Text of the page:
People with Down syndrome carry an extra copy of chromosome 21. But it has been unclear which genes within this dense package of DNA are responsible for the disorder, which includes mental retardation, early onset Alzheimer’s disease and other health problems. In a paper published today in Nature Neuroscience, researchers identified two crucial genes, called Olig1 and Olig2, involved in Down syndrome. Reducing the activity of these genes in mice engineered to mimic the disorder helps correct abnormal brain activity in these animals, a problem that is also present in people with the disorder.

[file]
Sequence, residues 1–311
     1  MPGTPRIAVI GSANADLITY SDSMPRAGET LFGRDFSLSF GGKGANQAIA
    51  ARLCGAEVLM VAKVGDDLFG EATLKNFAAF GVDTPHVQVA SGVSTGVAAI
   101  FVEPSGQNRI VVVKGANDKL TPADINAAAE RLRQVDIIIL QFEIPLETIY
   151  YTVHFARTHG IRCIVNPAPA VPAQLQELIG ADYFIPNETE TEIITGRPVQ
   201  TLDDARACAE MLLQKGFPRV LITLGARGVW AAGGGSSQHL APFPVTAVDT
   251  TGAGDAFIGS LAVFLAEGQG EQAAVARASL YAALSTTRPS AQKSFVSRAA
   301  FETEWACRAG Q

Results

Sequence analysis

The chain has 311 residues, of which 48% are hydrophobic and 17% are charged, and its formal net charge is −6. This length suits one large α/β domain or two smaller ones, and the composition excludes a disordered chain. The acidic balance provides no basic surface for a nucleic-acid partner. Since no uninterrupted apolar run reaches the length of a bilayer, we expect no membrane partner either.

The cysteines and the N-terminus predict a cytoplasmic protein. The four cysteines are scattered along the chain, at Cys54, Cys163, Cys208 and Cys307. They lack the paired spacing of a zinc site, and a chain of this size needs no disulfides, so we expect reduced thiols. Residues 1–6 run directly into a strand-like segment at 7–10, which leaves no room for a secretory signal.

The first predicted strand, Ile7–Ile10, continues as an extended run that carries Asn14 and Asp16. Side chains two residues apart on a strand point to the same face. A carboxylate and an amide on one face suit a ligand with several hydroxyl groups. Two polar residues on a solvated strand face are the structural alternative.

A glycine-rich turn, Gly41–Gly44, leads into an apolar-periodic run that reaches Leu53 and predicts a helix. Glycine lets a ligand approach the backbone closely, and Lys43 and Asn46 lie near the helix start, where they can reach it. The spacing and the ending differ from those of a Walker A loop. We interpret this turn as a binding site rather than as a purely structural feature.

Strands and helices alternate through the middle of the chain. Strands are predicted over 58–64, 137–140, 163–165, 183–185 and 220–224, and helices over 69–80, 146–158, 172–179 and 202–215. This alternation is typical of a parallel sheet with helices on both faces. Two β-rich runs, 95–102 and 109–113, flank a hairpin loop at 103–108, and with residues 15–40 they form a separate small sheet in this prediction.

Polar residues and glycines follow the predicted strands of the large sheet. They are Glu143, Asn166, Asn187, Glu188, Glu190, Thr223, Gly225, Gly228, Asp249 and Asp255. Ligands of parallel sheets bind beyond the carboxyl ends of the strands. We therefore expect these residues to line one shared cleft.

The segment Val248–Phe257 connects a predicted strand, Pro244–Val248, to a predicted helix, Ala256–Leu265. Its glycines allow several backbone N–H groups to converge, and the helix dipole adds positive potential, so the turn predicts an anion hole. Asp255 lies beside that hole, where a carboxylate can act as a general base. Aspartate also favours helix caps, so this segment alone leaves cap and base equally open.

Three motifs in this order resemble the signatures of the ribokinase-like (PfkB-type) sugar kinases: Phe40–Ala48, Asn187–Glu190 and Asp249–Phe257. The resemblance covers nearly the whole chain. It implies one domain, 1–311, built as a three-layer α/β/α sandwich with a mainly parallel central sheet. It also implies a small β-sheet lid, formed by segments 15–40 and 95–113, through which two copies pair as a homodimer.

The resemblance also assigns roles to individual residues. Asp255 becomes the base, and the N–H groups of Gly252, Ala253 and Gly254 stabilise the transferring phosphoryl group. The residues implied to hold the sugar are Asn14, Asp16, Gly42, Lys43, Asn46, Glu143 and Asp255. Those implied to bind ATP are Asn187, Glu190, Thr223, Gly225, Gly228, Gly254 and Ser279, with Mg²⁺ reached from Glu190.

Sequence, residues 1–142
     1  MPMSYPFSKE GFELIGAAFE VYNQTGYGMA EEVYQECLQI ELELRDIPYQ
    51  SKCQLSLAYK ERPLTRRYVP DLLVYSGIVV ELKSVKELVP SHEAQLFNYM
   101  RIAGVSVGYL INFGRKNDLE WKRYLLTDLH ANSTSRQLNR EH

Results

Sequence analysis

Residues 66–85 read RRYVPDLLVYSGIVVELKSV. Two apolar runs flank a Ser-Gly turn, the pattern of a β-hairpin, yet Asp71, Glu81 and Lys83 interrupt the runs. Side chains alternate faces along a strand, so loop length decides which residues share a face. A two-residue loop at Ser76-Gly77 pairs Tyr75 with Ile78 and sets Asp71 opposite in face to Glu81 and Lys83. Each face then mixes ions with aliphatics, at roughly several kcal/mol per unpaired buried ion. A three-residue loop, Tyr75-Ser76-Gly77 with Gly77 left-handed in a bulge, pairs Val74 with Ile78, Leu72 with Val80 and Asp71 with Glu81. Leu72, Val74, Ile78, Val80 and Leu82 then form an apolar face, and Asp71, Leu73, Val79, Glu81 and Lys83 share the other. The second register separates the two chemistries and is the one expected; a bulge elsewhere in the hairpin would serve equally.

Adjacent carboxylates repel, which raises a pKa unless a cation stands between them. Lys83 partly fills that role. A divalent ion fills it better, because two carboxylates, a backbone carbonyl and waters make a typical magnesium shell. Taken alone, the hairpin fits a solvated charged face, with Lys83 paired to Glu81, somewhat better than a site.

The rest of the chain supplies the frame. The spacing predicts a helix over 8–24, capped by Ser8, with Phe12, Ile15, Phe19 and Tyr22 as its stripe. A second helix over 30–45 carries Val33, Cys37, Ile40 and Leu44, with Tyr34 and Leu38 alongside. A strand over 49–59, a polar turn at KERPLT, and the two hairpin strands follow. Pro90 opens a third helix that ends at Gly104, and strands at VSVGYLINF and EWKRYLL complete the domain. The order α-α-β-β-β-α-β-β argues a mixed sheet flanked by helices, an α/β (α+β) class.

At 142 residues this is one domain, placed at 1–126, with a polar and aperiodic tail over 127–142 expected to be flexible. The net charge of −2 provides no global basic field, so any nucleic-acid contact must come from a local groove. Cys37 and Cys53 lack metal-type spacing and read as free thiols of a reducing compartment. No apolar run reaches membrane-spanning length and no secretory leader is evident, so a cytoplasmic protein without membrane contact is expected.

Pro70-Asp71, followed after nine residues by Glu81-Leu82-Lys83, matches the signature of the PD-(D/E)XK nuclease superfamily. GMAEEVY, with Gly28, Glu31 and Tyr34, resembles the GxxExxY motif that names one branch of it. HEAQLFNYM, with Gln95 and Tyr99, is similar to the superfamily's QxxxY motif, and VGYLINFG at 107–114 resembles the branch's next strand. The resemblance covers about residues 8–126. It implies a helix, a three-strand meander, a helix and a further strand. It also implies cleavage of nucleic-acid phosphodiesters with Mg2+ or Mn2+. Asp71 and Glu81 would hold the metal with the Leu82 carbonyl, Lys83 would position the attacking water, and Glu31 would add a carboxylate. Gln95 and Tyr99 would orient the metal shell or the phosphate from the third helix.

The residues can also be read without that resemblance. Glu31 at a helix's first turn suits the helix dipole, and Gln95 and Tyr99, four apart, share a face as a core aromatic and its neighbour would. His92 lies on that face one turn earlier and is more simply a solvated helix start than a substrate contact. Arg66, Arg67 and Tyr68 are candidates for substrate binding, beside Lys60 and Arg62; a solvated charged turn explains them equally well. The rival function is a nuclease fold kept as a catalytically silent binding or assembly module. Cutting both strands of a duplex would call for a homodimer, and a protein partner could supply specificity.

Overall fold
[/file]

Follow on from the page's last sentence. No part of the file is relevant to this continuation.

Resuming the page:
“We hope the findings will lead to better strategies for early intervention, even during the pregnancy, to reduce neurological consequences of Down syndrome,” said Zygmunt Galdzicki, associate professor of Anatomy, Physiology and Genetics at Uniformed Services University of the Health Sciences, in a statement from the university. “These findings show the need to do more human studies and also suggest that Olig1 and Olig2 inhibitors may have a potential therapeutic role for Down syndrome individuals.”
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